It is the cost of land, rather than houses, that is creating the biggest challenge in the UK housing market, according to a report from think tank Civitas.
Landowners have been making extraordinary profits for many years due to the rising value of land, and Daniel Bentley, who wrote Civitas report The Land Question, believes solving this issue could go some way towards alleviating the housing crisis.
The problem, says the report, partly stems from the introduction of the Land Compensation Act of 1961, which gave landowners the right to be reimbursed for any prospective use of the land, in the case of compulsory purchase by the state.
This means that rather than local authorities or public corporations acquiring development sites at prices closer to their “current-use value” – the value of the land based on its current status – the price paid for land is based on a speculative value and therefore significantly higher.
Even without planning permission being granted, the Act gives landowners the right “to any hope value arising from a prospective future planning permission”.
A historic issue
Before this came in, as far back as 1909 ex-prime minister Winston Churchill lauded a controversial land tax to control rocketing prices.
He claimed that landowners “sit back and do nothing” while they benefit from the land value gains made through improvements like local infrastructure. “Every one of those improvements is effected by the labour and the cost of other people … To not one of those improvements does the land monopolist contribute, and yet by every one of them the value of his land is sensibly enhanced … he contributes nothing even to the process from which his own enrichment is derived.”
When the New Towns Act was brought in after World War II, public corporations were able to make compulsory purchases of land at current-use value and use it to build houses on. However, this was brought to an end when Conservative Harold Macmillan came into office and brought in the Land Compensation Act to appease disgruntled landowners.
Land prices have been soaring ever since, along with house prices – around 74% of the rise in property prices between 1950 and 2012 was a result of land price inflation. Most of this rise was seen between 1994 and 2007, when land that had residential planning permission almost quadrupled in value.
“In 2014/15, landowners collected more than £9bn in profit from land they had sold for new housing…The more house prices rise, the more landowners can command for sites suitable for new housing,” says the report.
What’s the answer?
According to Bentley, a revision of the Land Compensation Act would “reframe incentives in the land market by enabling public authorities to acquire development sites at prices closer to its existing use value.” This would encourage landowners to release land rather than holding onto it in the hope of it rising, because they would be taxed on any rises.
In the Autumn Budget, Chancellor Phillip Hammond said that land being “banked” and not being built on by developers (for commercial reasons) could be subject to expanded powers of compulsory purchase. This follows the recent Welsh Government Budget, which considers measures to end “land banking” by bringing in a “vacant land tax”.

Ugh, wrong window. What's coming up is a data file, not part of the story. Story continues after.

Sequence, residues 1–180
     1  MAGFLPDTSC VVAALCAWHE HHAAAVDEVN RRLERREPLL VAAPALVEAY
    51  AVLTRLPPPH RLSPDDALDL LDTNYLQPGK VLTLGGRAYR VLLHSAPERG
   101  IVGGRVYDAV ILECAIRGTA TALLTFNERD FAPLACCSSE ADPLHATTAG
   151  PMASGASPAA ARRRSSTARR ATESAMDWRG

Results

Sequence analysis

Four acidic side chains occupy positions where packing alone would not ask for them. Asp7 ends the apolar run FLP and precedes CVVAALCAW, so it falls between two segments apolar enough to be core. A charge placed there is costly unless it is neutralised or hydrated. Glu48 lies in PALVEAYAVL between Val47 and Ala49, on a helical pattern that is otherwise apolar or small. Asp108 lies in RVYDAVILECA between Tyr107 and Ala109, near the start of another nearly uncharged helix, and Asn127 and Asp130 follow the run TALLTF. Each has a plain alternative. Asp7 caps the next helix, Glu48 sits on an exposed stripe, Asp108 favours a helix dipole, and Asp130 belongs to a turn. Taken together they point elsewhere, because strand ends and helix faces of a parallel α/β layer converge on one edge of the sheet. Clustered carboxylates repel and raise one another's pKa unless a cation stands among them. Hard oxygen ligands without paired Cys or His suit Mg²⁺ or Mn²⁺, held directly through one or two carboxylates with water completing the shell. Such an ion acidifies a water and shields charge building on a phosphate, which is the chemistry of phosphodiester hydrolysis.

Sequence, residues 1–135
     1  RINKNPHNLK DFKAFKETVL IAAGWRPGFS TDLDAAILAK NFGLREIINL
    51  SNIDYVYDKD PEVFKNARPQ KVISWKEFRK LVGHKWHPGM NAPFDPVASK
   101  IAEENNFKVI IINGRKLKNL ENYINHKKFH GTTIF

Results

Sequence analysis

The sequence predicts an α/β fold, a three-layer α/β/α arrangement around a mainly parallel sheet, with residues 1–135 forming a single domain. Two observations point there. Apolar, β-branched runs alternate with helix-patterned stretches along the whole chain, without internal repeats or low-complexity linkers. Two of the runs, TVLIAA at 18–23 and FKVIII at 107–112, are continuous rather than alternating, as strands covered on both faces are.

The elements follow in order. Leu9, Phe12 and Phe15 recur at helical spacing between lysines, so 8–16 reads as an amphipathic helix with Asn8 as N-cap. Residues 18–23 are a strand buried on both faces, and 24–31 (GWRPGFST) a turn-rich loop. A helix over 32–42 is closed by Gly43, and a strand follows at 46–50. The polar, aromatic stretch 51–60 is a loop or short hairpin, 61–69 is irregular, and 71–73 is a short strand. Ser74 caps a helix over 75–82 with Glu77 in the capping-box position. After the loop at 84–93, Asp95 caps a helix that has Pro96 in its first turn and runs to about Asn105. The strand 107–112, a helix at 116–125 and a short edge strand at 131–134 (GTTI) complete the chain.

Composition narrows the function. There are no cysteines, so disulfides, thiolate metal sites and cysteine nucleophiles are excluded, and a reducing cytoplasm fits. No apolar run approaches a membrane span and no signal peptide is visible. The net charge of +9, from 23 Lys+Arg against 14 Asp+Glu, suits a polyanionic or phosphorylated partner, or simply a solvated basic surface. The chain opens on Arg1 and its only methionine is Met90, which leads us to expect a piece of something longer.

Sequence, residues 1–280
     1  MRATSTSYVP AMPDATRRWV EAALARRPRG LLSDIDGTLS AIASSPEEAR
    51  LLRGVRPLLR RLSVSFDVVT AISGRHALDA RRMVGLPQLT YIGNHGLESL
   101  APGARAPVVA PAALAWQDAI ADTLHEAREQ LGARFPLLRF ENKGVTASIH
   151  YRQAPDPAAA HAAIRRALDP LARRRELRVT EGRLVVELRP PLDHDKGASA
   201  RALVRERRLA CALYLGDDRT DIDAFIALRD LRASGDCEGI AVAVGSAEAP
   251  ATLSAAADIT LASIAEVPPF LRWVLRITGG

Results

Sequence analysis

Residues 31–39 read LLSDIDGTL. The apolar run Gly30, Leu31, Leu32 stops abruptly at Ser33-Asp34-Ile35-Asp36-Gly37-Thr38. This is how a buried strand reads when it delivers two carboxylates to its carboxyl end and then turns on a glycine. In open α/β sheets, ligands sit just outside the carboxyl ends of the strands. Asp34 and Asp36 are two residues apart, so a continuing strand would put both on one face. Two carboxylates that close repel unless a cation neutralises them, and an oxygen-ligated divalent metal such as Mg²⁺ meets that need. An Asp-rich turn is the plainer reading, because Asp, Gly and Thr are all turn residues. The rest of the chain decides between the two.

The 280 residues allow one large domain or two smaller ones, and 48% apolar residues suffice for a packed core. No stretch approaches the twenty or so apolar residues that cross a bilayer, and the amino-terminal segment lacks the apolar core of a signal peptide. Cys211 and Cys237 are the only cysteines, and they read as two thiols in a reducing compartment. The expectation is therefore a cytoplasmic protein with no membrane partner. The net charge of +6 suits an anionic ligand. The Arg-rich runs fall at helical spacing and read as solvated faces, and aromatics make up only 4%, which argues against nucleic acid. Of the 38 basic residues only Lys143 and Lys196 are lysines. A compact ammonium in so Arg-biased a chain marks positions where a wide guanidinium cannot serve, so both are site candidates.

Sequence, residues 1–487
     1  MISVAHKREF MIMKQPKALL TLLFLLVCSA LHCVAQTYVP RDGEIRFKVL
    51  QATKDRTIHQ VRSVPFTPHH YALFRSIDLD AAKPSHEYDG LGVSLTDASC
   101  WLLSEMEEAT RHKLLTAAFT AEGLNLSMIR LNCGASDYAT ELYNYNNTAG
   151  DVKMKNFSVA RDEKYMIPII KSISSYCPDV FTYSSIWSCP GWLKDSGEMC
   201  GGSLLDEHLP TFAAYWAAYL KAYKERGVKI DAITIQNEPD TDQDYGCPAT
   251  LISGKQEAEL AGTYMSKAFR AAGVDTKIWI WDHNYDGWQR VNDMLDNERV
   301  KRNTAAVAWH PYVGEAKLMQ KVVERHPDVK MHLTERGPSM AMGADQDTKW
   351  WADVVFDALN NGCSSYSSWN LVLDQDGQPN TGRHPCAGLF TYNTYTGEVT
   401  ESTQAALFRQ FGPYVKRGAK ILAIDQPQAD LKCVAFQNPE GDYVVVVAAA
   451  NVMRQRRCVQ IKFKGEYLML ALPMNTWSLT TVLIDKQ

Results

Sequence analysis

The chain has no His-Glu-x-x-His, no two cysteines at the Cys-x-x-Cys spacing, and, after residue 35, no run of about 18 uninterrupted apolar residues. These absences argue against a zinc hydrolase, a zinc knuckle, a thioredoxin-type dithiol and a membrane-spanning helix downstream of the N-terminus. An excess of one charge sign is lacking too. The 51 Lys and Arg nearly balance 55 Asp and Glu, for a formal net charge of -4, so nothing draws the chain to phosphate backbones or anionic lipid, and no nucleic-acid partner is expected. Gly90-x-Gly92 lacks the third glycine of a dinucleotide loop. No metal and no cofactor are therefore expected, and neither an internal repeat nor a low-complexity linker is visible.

And earlier this year, Labour’s manifesto put forward a suggestion for a land value tax as a replacement for council tax, which proved unpopular with many critics who labelled it a “garden tax”. The manifesto said: “We will initiate a review into reforming council tax and business rates and consider new options such as a land value tax, to ensure local government has sustainable funding for the long term.”
Introducing a tax for what many would agree is an unearned income – the rising locational value – is popular with some economists. It could remove the impetus to hold onto land while it gains “hope value” (protected by the Land Compensation Act) before selling it on for a hefty profit, as a tax bill would reduce that profit.
No magic bullet
However, at the moment, there would be nothing to stop landowners from simply stopping development and holding onto the land in the hope of a policy change.
So the report suggests an alternative: “A different way of achieving the same end would be to remove from landowners their ability to withhold land in pursuit of more favourable circumstances and a higher sale price at some point in the future. This could be achieved by enabling the public sector to purchase land that is designated for new housing at close to its existing use value – that is, without regard to the prospective planning permission that it might receive.”
Once bought, the local authority could grant itself planning permission, then sell the land to a developer for a profit that could be put back into the public purse – and put towards building more houses. The local authority could also keep the land in joint ownership and make a long-term income from the gains.
As Phillip Hammond said in his Budget speech, “there is no single magic bullet” to solve the housing crisis.
Civitas says: “Only by reforming the land market, and rewiring incentives for landowners, can we hope to build the homes we need in the places we need them.”